• IMA sites
  • IMAJ services
  • IMA journals
  • Follow us
  • Alternate Text Alternate Text
עמוד בית
Fri, 31.05.24

Search results


July 2015
Michael Papiashvili MD, Ehud Deviri MD, Ilan Bar MD and Lior Sasson MD

Background: The efficacy of video-assisted thoracoscopic surgery lobectomy in patients with previous coronary artery bypass grafting (CABG) surgery is controversial.

Objectives: To investigate whether skeletonized left internal mammary artery (LIMA) mobilization contributes to the development of severe adhesions, which will affect what type of lung surgery (open or closed procedure) will be required in the future.

Methods: Eight patients (mean age 73.9 years) with previous CABG surgery using a LIMA to left anterior descending (LAD) graft underwent left-sided lobectomy for operable non-small cell lung carcinoma. 

Results: The lobectomy by thoracotomy rate was 62.5% (5 patients), generally in patients with tumors in the left upper lobe or in patients post-neoadjuvant chemotherapy, while the video-assisted thoracic surgery lobectomy rate was 37.5% (3 patients). Mean hospital stay was 8.3 days. There was no mortality or major morbidity, apart from six minor complications in four patients (50%) (air leak, atrial fibrillation, atelectasis, pneumonia). 

Conclusions: Patients with operable non-small cell lung carcinoma following CABG surgery who need left upper lobe resection do not benefit from the video-assisted thoracoscopic surgery technique due to significant adhesions between the LIMA to LAD graft and the lung. The method of preserving a small portion of the lung on the LIMA to LAD graft may help during left upper lobe resections. Adhesions in the left pleural space after LIMA mobilization appear to generally minimally affect left lower lobe video-assisted thoracoscopic surgery.

 

December 2012
M. Papiashvili, I. Bar, L. Sasson, M. Lidji, K. Litman, A. Hendler, V. Polanski, L. Treizer and D. Bendayan

Background: Multidrug-resistant tuberculosis (MDR-TB) presents a difficult therapeutic problem due to the failure of medical treatment. Pulmonary resection is an important adjunctive therapy for selected patients with MDR-TB.

Objectives: To assess the efficacy of pulmonary resection in the management of MDR-TB patients.

Methods: We retrospectively reviewed the charts of MDR-TB patients referred for major pulmonary resections to the departments of thoracic surgery at Assaf Harofeh and Wolfson Medical Centers. For the period under study, 13 years (from 1998 to 2011), we analyzed patients’ medical history, bacteriological, medical and surgical data, morbidity, mortality, and short-term and long-term outcome.

Results: We identified 19 pulmonary resections (8 pneumonectomies, 4 lobectomies, 1 segmentectomy, 6 wedge resections) from among 17 patients, mostly men, with a mean age of 32.9 years (range 18–61 years). Postoperative complications developed in six patients (35.3%) (broncho-pleural fistula in one, empyema in two, prolonged air leak in two, and acute renal failure in one). Only one patient (5.8%) died during the early postoperative period, three (17.6%) in the late postoperative period, and one within 2 years after the resection. Of 12 survivors, 9 were cured, 2 are still under medical treatment, and 1 is lost from follow-up because of poor compliance.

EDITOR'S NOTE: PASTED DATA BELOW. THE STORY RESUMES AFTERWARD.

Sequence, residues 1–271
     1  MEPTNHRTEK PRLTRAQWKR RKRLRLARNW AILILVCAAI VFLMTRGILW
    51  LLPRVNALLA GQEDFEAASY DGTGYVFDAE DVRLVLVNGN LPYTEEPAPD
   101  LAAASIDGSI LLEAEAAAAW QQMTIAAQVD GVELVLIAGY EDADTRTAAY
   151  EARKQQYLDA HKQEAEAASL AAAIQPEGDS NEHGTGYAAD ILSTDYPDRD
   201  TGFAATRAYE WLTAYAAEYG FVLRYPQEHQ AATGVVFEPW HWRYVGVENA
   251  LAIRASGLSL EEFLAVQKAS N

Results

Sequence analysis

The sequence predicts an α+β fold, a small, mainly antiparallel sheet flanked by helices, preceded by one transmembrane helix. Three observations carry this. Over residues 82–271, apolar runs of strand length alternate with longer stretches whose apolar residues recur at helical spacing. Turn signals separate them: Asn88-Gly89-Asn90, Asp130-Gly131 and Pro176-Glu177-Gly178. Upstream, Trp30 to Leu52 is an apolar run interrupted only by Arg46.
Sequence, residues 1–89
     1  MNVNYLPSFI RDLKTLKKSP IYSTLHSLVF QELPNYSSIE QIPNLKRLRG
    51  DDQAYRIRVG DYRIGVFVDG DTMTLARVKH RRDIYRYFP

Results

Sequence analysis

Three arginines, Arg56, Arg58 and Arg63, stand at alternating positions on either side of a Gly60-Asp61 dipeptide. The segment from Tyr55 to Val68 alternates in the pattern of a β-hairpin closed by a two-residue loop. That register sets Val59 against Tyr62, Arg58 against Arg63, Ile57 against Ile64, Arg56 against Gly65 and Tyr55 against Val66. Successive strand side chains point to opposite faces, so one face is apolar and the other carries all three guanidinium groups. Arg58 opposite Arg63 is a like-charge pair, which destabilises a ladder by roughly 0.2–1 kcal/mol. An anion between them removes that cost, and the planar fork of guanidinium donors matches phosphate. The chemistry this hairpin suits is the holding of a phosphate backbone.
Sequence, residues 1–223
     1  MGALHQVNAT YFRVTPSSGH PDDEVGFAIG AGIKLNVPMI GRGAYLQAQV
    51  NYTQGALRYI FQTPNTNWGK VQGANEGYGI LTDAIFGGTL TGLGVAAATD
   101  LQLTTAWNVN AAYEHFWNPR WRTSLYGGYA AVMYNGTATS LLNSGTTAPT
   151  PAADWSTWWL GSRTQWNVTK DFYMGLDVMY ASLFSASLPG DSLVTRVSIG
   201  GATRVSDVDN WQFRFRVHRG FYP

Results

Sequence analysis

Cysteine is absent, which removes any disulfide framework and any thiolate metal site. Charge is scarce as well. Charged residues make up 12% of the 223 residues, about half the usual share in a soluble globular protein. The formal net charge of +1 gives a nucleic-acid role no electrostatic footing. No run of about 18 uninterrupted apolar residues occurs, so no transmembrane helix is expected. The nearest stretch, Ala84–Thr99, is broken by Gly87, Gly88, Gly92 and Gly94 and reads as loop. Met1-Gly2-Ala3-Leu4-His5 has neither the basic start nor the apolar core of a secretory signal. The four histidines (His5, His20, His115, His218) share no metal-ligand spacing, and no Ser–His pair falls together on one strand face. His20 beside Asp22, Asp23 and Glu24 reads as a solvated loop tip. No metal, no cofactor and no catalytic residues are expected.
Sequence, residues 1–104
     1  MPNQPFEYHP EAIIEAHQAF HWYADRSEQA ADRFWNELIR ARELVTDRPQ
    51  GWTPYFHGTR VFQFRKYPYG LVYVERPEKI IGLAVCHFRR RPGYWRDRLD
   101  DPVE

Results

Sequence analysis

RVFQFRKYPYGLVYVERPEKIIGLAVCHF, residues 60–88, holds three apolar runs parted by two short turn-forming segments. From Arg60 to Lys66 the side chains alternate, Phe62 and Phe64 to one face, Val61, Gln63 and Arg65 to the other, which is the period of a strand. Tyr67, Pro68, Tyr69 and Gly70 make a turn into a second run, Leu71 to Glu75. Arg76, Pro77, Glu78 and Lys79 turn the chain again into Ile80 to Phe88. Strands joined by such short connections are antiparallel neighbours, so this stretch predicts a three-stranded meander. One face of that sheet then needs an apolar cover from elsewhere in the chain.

Conclusions: Pulmonary resection for MDR-TB patients is an effective adjunctive treatment with acceptable morbidity and mortality.
 

February 2007
June 2004
February 2003
I. Bar, T. Friedman, E. Rudis, Y. Shargal, M. Friedman and A. Elami

Background: Fractures of the stemum may be associated with major injuries to thoracic organs, with serious consequences.

Objective: To assess the hospital course of patients diagnosed with isolated sternal fracture.

Methods: We reviewed 55 medical records of patients who were admitted with isolated sternal fracture to the emergency department during the period from January 1990 through August 1999.

Results: Fifty-one patients were involved in motor vehicle accidents, and the remainder sustained the injury as a result of a fall. Lateral chest X-ray upon admission was diagnostic in the majority of these patients (n=53). Electrocardiography (n=52) was abnormal in four patients – old myocardial infarction (n=1), non-specific ST-T changes (n=3). Cardiac enzymes (creatine-kinase-MB, n=42) were pathologically elevated in five patients. Echocardiography, performed in patients with ECG[1] abnormalities and/or elevated myocardial enzymes (n=7), was normal in these patients as well as in another 18 patients. There were no intensive care unit admissions or arrhythmias during the hospital stay, which ranged from 6 hours to 6 days (mean 2.3 ± 1.3 days, median 2 days).

Conclusion: Our findings support the view that patients with isolated sternal fracture, who have no abnormality in ECG and cardiac enzymes during the early hours after injury, are expected to have a benign course and can be discharged home from the emergency room within the first 24 hours.






[1] ECG = electrocardiograph


Legal Disclaimer: The information contained in this website is provided for informational purposes only, and should not be construed as legal or medical advice on any matter.
The IMA is not responsible for and expressly disclaims liability for damages of any kind arising from the use of or reliance on information contained within the site.
© All rights to information on this site are reserved and are the property of the Israeli Medical Association. Privacy policy

2 Twin Towers, 35 Jabotinsky, POB 4292, Ramat Gan 5251108 Israel